Risk is one of those words that takes on a myriad of meanings, depending upon the discipline. From yourDictionary.com, as a noun, "risk" is defined as:
1. The possibility of suffering harm or loss; danger.
2. A factor, thing, element, or course involving uncertain danger; a hazard: "the usual risks of the desert: rattlesnakes, the heat, and lack of water" (Frank Clancy).
3a. The danger or probability of loss to an insurer.
3b. The amount that an insurance company stands to lose.
4a. The variability of returns from an investment.
4b. The chance of nonpayment of a debt.
5. One considered with respect to the possibility of loss: a poor risk.
You are a decision-maker, but you do not have a crystal ball in your toolkit (at least, not a reliable one!) -- so you cannot see the future. Yet, you know that "One of the trickiest problems in dealing with an uncertain future is people's seemingly irrational response to it." (Living Dangerously) And, "Human intuition is a bad guide to handling risk." (Freud, Finance & Folly).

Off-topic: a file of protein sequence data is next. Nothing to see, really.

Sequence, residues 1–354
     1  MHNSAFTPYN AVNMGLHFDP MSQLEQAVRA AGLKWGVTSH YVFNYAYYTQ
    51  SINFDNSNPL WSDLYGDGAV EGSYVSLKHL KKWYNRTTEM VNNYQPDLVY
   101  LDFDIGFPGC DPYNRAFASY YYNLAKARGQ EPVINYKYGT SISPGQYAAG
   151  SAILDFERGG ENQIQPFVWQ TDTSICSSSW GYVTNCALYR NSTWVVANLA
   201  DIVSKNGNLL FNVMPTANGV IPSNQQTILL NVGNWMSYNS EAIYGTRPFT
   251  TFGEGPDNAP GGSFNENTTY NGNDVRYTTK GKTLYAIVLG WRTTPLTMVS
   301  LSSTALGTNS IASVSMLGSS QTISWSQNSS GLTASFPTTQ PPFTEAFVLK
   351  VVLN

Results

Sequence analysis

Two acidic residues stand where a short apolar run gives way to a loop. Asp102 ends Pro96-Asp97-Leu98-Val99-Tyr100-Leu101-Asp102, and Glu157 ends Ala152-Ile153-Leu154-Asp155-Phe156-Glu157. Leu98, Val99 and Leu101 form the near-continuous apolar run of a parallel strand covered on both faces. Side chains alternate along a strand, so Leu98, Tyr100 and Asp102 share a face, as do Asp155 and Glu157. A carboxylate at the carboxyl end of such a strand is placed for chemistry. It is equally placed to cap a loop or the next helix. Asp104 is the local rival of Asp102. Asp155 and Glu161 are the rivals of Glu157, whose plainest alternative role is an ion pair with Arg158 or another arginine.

So, what do you do? How do you factor in risk in your decision-making? What role do you think "what-if" scenarios should play?
When making decisions involving risk in business, decision makers must evaluate the probability and the impact of the risk. The decision on weather to move forward with a project really depends on how identified risks are scored based on these two ...
This solution examines the role of probability and impact in risk management.